The flames of the island of fire


At Marsala, it is all about family. Generations come and go and skills are passed on. Eternal Sicily, this is it.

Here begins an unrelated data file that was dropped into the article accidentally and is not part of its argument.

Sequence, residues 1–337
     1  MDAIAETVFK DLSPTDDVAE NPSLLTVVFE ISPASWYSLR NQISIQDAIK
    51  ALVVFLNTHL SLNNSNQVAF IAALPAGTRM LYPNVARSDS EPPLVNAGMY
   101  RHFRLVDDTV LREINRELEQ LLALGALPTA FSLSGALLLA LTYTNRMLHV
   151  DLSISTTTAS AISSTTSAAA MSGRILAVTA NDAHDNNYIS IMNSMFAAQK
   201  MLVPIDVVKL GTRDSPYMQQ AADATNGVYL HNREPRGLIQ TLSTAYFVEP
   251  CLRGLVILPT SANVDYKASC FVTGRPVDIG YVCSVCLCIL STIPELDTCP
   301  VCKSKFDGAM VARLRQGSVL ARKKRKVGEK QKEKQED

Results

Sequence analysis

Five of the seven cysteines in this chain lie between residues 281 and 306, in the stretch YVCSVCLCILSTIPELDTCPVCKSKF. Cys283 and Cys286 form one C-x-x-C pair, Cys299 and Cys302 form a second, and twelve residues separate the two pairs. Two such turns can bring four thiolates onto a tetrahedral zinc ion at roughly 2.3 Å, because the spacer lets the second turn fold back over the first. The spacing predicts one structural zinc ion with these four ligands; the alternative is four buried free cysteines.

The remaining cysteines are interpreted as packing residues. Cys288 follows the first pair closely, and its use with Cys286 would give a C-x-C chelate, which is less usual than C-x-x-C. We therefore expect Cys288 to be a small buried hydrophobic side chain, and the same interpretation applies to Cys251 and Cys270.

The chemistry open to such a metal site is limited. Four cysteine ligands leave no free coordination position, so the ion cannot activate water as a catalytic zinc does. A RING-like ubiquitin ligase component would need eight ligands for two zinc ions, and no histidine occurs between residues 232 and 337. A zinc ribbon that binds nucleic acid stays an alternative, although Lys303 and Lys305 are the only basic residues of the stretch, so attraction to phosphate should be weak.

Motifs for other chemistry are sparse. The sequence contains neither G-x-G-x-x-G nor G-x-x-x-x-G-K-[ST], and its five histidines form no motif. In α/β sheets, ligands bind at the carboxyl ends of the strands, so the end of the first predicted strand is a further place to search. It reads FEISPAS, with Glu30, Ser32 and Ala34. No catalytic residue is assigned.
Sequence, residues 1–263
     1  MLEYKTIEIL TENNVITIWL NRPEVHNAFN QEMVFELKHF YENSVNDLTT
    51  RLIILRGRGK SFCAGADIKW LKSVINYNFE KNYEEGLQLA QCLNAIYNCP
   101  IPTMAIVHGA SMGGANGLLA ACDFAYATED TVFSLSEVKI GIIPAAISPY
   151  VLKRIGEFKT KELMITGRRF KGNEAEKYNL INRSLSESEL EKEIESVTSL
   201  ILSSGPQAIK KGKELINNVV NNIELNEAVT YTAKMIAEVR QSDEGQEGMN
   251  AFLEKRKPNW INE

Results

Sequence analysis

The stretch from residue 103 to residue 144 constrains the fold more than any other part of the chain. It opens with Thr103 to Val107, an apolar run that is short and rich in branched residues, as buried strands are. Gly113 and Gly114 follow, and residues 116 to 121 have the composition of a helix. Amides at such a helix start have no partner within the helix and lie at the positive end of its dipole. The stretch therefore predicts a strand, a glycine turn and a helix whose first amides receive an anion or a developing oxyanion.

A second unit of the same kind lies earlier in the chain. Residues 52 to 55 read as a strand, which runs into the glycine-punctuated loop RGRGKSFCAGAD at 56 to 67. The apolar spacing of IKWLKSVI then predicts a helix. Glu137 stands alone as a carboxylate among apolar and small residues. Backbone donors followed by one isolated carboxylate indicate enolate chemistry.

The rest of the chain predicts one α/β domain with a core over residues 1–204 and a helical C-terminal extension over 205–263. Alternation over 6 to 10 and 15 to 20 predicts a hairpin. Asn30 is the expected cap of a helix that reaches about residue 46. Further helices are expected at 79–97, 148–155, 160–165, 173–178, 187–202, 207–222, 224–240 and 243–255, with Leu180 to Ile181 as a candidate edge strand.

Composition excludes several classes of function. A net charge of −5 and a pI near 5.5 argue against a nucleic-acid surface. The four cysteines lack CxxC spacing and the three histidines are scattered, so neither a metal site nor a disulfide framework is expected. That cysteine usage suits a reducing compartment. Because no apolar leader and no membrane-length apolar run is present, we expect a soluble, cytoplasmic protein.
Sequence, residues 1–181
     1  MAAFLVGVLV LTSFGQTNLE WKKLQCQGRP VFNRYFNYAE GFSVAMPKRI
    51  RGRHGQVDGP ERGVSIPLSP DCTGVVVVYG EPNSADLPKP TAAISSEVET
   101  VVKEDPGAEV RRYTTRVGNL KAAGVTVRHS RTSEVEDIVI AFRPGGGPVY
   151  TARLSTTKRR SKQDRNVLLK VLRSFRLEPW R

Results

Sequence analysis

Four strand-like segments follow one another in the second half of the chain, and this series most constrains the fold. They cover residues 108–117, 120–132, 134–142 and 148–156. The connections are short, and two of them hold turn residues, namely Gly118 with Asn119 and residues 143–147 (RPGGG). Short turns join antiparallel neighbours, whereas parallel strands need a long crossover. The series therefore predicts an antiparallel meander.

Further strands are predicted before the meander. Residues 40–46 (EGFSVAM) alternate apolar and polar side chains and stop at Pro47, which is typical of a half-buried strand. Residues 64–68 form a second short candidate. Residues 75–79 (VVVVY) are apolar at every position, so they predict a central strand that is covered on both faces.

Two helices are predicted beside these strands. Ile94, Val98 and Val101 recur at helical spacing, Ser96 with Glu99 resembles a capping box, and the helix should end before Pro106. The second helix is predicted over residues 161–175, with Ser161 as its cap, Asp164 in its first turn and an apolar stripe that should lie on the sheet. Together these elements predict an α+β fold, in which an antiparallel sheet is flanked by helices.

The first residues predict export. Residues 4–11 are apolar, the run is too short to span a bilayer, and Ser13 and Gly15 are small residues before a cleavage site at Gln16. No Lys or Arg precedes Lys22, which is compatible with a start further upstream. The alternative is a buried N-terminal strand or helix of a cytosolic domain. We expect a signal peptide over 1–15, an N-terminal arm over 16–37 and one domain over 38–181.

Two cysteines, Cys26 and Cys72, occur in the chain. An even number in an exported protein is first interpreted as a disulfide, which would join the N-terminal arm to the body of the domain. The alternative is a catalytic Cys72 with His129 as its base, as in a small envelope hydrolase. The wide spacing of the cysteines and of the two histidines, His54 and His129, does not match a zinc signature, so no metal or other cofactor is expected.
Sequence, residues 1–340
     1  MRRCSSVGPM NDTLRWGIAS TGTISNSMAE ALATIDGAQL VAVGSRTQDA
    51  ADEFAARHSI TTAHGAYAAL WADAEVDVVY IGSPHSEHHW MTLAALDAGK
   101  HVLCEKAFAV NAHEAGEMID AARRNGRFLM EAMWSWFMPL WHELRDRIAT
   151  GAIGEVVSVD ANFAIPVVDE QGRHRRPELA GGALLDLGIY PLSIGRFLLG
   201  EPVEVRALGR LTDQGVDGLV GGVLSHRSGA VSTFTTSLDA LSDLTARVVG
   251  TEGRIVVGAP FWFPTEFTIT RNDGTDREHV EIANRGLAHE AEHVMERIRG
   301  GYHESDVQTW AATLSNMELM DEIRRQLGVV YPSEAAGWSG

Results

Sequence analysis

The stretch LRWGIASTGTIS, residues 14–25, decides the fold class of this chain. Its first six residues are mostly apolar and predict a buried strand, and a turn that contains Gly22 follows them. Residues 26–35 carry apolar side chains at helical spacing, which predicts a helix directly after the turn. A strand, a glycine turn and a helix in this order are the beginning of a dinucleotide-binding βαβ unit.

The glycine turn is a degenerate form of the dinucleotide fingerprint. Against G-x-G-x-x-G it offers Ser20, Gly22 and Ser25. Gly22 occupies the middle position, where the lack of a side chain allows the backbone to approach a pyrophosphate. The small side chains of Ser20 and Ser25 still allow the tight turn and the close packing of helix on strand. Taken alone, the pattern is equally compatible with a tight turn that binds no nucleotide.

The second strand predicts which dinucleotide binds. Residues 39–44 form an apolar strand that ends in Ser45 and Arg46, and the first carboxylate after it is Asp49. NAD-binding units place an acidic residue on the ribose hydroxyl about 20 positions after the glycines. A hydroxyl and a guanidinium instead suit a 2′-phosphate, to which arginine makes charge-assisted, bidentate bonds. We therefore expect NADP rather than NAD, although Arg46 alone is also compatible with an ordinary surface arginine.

ROBERTO CURATOLO has his phone glued to his ear. I can see him pacing up and down the courtyard, a file under his arm. He’s chatting away, chatting away, it never ends. He’s been retired for twenty years. At 86, he still hasn’t hung up. He walks back and forth across a huge, clean and uncluttered courtyard. In front of the offices are majestic green and exotic plants in huge pots. The sun beats down on the white walls of this Marsala baglio, which discreetly houses a reception area at the far right. Just behind, a battery of gleaming stainless steel vats and ageing cellars full of tuns and casks stacked four storeys high. Some are over a century and a half old. Surrounding this huge atrium are the newly renovated reception room, a laboratory in its original state and the offices, where I am greeted by Alexandra Curatolo, Roberto’s niece. On this last day of the harvest in 2022, it’s a hodgepodge of people of all ages, employees and owners, impossible to tell apart because this small world has always lived and worked together. “The jobs here are ad vitam aeternam,” laughs the young woman.

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